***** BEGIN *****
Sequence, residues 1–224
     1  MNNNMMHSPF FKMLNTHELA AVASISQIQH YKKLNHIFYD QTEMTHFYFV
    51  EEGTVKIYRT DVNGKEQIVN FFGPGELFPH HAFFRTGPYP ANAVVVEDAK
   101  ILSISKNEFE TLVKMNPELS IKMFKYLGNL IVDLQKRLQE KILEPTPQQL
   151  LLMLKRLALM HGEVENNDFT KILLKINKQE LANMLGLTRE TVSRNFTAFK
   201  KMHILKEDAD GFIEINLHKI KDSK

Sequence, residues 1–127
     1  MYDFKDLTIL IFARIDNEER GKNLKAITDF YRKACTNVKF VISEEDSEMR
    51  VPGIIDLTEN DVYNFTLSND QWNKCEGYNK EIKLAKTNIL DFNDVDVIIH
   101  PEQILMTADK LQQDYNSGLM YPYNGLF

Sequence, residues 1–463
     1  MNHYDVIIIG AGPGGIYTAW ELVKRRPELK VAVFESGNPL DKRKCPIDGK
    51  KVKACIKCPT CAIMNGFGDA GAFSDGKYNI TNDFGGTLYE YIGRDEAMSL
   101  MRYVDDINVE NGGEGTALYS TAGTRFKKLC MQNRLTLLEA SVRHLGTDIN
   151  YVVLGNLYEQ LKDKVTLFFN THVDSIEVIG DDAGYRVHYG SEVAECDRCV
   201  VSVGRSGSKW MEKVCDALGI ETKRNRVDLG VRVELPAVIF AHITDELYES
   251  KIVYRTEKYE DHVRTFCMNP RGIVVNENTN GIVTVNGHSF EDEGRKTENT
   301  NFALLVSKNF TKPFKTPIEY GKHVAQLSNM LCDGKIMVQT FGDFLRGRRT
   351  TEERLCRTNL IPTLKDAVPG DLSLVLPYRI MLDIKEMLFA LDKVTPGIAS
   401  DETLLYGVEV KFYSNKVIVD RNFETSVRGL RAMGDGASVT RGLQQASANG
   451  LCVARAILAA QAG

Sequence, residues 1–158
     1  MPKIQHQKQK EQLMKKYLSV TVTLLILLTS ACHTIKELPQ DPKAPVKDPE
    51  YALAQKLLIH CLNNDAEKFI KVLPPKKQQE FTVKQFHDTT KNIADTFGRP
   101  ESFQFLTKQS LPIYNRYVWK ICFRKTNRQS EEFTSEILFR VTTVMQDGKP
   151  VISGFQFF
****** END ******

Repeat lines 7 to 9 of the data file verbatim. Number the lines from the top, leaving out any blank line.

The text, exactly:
Sequence, residues 1–127
     1  MYDFKDLTIL IFARIDNEER GKNLKAITDF YRKACTNVKF VISEEDSEMR
    51  VPGIIDLTEN DVYNFTLSND QWNKCEGYNK EIKLAKTNIL DFNDVDVIIH